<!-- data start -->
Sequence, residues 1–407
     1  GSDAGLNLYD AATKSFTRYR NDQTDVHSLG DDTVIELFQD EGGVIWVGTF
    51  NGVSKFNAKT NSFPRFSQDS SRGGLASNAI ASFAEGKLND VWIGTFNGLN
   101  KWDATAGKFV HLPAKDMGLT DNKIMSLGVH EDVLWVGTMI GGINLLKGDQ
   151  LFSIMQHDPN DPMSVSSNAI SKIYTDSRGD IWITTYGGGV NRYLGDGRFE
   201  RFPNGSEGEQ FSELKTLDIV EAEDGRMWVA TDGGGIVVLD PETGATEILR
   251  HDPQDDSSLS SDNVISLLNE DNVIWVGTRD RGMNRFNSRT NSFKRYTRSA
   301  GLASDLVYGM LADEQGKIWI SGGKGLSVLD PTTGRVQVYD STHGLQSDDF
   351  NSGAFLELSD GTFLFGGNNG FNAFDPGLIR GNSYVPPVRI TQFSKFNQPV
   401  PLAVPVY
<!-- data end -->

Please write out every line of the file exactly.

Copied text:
Sequence, residues 1–407
     1  GSDAGLNLYD AATKSFTRYR NDQTDVHSLG DDTVIELFQD EGGVIWVGTF
    51  NGVSKFNAKT NSFPRFSQDS SRGGLASNAI ASFAEGKLND VWIGTFNGLN
   101  KWDATAGKFV HLPAKDMGLT DNKIMSLGVH EDVLWVGTMI GGINLLKGDQ
   151  LFSIMQHDPN DPMSVSSNAI SKIYTDSRGD IWITTYGGGV NRYLGDGRFE
   201  RFPNGSEGEQ FSELKTLDIV EAEDGRMWVA TDGGGIVVLD PETGATEILR
   251  HDPQDDSSLS SDNVISLLNE DNVIWVGTRD RGMNRFNSRT NSFKRYTRSA
   301  GLASDLVYGM LADEQGKIWI SGGKGLSVLD PTTGRVQVYD STHGLQSDDF
   351  NSGAFLELSD GTFLFGGNNG FNAFDPGLIR GNSYVPPVRI TQFSKFNQPV
   401  PLAVPVY